Leigh Bradshawgate Primitive Methodist Chapel

Leigh, Lancs

The Primitive Methodist Chapel, Bradshawgate, Leigh Lancashire.

The Primitive Methodist cause commenced in 1834 with a school in Bradshawgate, a new chapel was erected in 1869. This chapel was purchased by Leigh Corporation (the council) in 1903 as part of it’s town improvement programme the congregation moved to new and larger chapel and school in Windermere Road in 1904 at a cost of £10,000. However these buildings no longer stand.

The site on Bradshawgate was cleared and The Empire Hall was built and used as a cinema, this was later rebuilt as a purpose built cinema called “The New Empire”.

This was in turn demolished and replaced by Lennon’s Supermarket, then Iceland, followed by the job centre.

One of the founders of the cause was George Okell, who was a temperance campaigner who’s family lived in High Leigh, Cheshire and hosted Wesley’s meetings, were instrumental in the founding of the “Independent Methodist Church” My maternal grandfather Alfred Okell was a relation of theirs.

Leigh Bradshawgate Primitive Methodist Chapel


Account of the establishment and development of Leigh Primitive Methodist chapel from the 1872 Christian Messenger

Comments about this page

  • The Primitive Methodist magazine of December 1850 (page 749) contains a report by John Eastwood of the reopening of Leigh Primitive Methodist chapel after being beautified, repaired, fitted up with gas and a wall being built at the end of the chapel yard. It re-opened on October 20th 1850 when the preacher was Brother Herod of Warrington.

    By Christopher Hill (19/06/2021)
  • Thanks Alan

    By Christopher Hill (08/05/2021)
  • Ho Christopher, The site in Bradshawgate Leigh is now (2021) where the Iceland store now stands

    By Alan Nixon (08/05/2021)
  • On the duplicate page for this chapel (now merged here), Richard Hindley commented on March 9th 2021:

    “Thanks for this. My sister has been doing some family history and she found a cutting from the Warrington Guardian in 1950 with a story about my great uncle’s and great auntie’s 60th wedding anniversary. It says they were married at the Primitive Methodist Chapel, Bradshawgate, Leigh by the Rev. Benjamin Dain. Obviously that would have been 1890, so 3 years before the OS map you mention. I went on Google maps to see if I could work out where the chapel was on Bradshawgate, but there was no obvious sign of it. Do you have any idea?”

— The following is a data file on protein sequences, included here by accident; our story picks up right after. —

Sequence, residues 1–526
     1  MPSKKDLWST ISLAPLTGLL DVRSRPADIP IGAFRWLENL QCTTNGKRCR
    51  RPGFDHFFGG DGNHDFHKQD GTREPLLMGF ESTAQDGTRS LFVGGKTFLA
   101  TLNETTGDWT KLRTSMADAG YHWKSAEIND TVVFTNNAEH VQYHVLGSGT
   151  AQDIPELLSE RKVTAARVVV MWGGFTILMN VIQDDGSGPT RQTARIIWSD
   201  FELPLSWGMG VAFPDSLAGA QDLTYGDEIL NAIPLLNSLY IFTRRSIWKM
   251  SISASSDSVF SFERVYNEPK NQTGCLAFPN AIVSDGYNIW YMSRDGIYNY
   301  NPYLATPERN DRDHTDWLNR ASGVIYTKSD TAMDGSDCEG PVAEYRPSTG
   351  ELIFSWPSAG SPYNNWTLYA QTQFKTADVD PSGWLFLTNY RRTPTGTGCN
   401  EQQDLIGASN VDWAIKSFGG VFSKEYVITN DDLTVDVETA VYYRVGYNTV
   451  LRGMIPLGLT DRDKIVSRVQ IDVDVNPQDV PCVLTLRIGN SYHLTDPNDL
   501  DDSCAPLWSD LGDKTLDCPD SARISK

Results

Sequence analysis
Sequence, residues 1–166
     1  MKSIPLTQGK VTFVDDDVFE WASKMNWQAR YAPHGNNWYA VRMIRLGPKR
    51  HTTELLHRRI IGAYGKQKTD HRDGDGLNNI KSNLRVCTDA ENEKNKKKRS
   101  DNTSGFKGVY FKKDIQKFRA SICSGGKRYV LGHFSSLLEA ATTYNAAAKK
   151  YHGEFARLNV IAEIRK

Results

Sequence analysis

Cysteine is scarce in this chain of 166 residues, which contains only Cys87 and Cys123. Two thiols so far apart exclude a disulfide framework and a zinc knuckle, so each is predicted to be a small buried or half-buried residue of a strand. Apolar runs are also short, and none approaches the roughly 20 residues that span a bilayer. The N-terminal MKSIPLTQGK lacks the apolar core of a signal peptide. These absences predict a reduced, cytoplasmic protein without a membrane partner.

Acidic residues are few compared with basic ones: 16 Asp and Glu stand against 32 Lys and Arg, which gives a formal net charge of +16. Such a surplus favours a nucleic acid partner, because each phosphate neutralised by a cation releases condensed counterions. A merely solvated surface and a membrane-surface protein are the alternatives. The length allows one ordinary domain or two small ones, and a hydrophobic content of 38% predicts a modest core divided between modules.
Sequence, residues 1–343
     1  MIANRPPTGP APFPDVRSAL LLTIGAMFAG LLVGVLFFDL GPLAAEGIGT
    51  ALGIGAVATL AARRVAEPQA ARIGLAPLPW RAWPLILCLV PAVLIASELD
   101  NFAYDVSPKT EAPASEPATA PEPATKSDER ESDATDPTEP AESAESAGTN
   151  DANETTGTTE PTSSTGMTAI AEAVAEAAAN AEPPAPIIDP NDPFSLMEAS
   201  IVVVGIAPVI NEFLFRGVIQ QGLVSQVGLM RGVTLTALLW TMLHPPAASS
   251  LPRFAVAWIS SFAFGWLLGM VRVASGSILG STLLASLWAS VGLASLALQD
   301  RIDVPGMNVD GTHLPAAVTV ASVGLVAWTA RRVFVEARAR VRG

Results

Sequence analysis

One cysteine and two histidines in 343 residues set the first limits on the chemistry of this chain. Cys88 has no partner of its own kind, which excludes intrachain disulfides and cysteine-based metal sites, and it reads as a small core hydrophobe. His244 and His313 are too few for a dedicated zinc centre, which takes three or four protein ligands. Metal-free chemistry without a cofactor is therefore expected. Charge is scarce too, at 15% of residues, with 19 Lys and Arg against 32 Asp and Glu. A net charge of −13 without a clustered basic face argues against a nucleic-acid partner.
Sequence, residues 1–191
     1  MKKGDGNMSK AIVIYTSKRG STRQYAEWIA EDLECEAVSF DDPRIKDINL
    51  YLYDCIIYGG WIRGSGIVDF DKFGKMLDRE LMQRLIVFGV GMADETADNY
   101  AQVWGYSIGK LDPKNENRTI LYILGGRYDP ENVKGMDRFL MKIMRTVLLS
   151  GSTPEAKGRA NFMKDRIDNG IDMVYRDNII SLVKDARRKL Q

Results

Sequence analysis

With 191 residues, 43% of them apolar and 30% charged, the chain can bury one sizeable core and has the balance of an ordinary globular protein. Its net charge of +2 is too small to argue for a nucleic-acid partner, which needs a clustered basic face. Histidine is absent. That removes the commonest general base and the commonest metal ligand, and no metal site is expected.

This page does answer Richard’s question.

    By Christopher Hill (07/05/2021)
  • I’ve added two further pieces of information to this page:

    1. the Return from Bradshawgate Primitive Methodist chapel in Leigh to the 1851 Census of Places of Public Religious Worship, completed by the minister, John Eastwood. This was formerly on a duplicate page for the chapel. The Return confirms that the opening date of 1834. The chapel accommodated 200 people, all seated, with 110 of them in free seats. On Census Sunday 110 people attended the afternoon service and 160 in the evening, well above the average of 100 for the preceding year. There were 79 scholars in the morning Sunday school and 69 in the afternoon:

    2. a transcript by David Tonks of an article from the Christian Messenger describing the early establishment and growth of Primitive Methodism in Leigh.

    By Christopher Hill (07/05/2021)
  • There is an account by S Tillotson in the Primitive Methodist magazine (1836 p.345) of the opening in November 1834 of Leigh Primitive Methodist chapel in the Bolton circuit.

    By 1835 the society had 90 members with a Sunday school of 30 teachers, 100 boys and 90 girls so room for 200 was added, with the chapel so built that “at light expense” they could make room for another 200.

    By Christopher Hill (15/05/2017)

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